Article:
The nearest town for supplies is Anton, which is probably smaller then Lindon, both have a population of less then 50 souls, but Anton has the gas station/bulk plant, grocery store and elevator and a few other businesses. With no rail service, everything is trucked out to the little towns along Hwy 36.
Out along the prairie line approaching Oklahoma, is the little town of Campo. The business district is mostly vacant and sitting collecting the dust of times gone past. The corner café keeps Main Street from being completely empty. It is a little town that probably will never perish because of its location. It is a gateway to the Comanche Grasslands and on the busy Ports to Plains highway.
There is still a village government and the local constables keep the coffers from going empty. Some people just don’t want to slow down passing through until they see the flashing lights. Campo was also in the center of the dust bowl and a few reminders of those days are present. There are a variety of pictures of the town and its neighbors from those dirty days. Today the traffic flies by and the dust does not stop, it keeps on going someplace.
The empty store fronts on the road way harkens back to a day, when small towns were the heart of America. Now the few ghosts sit under the canopy watching traffic pass. The corner coffee shop has the local town news. Pause for breakfast, listen to the locals cuss and discuss the weather or prices of crops. The waitress hustles the coffee pot around, the cook yells, order up, and conversation goes on.
Outside the trucks rumble by, shaking the ground as the press onward to their destination. Nearby the rails sit silently, awaiting the next coal train to go south or returning empties. The grain elevator sits in slow status of natural destruction. A lone sentential next to the rails, a reminder of when business was on the railroad.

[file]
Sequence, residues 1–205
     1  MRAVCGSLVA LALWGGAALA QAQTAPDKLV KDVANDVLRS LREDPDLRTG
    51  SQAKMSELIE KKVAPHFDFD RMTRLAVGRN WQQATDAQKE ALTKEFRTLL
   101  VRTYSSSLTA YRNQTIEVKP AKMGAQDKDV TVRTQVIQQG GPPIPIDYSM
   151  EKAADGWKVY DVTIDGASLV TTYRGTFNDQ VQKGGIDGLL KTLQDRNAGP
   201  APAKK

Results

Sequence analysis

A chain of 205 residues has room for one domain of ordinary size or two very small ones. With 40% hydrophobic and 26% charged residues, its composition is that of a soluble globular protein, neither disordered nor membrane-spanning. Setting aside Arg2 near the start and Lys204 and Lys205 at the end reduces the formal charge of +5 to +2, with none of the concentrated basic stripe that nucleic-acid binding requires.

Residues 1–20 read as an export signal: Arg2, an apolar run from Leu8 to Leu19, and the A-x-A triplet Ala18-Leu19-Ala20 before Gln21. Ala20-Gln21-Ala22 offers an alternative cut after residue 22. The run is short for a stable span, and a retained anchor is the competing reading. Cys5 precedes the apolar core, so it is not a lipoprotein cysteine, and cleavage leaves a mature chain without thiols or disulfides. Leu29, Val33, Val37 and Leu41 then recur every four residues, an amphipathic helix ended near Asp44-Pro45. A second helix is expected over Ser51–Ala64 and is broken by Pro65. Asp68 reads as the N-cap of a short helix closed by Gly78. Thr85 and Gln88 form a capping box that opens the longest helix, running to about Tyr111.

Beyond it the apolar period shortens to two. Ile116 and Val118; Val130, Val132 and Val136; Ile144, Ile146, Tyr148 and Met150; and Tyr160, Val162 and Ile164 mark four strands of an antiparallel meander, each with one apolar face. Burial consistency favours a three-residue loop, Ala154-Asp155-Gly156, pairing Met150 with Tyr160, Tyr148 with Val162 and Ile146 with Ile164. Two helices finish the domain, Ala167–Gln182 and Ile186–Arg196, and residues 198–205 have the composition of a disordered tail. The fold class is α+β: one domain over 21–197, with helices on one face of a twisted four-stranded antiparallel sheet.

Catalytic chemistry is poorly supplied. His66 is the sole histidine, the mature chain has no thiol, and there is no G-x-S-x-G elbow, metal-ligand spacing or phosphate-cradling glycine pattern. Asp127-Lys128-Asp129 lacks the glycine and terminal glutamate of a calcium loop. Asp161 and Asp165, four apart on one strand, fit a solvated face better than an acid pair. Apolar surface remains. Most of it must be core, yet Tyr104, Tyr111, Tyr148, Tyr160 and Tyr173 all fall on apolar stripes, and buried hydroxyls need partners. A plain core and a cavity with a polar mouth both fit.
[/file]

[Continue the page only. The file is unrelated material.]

Over 100 hardy souls call the little prairie village home. Working on farms or maybe one of the government jobs. The grasslands are nearby and are operated under the Nation Forest Service. Picnic grounds and trails dot the lands. It is a land of mystery and surprises. Petroglyphs have been found in some caves that some suspect may have been Viking. There are the Indian artifacts spread around the areas, fossils, millions of years old and a herd of Big Horn Sheep call the grasslands home.
Campo will be a little wide spot on the road from here to there for years to come.
Situated along a wagon road, is the dot marking Buchanan. The map did not indicate that there had been a Post Office there. Other information about this little dot on the map is slim and none. It was in the area where I was driving, looking for ghost towns on the prairie. So I bounced over a few ruts and went to see if there was anything at Buchannan.
Up and over the hill I saw an old farm house and some out buildings, long abandoned. The homestead sat on the banks of a small creek and it appeared there may have been some springs there also. The house was small but functional. Behind it was poles for a clothesline, a chicken coop. Further down the bank was the barn and some posts for a corral and on the other side was the windmill and stock tank.
It looked like any other homestead on the prairie that got blown out during the dirty thirties. But here it was a dot on the wagon road. So now I am speculating. Was this a transfer point, way station for travelers, had there been a store here, what importance was the Buchannan place to the early day settlers. I’ll probably never know, but I found the place.
Driving across the creek and looking back, I could see a faint trace of the old wagon road. It was a change in the vegetation across the way on the banks of the small creek. Straight as an arrow it headed for the Buchannan place.
Nearby on the map, there were other places marked as having Post Offices. Abbott was few miles south on the road and further south was the Abbott church. Yet, here the road showed up, having its beginnings at Deertrail, CO.
When I go searching for these prairie ghosts I usually have 4-8 targets marked out on the map. Places like Buchannan are usually and after thought but being on the wagon road, intrigued me.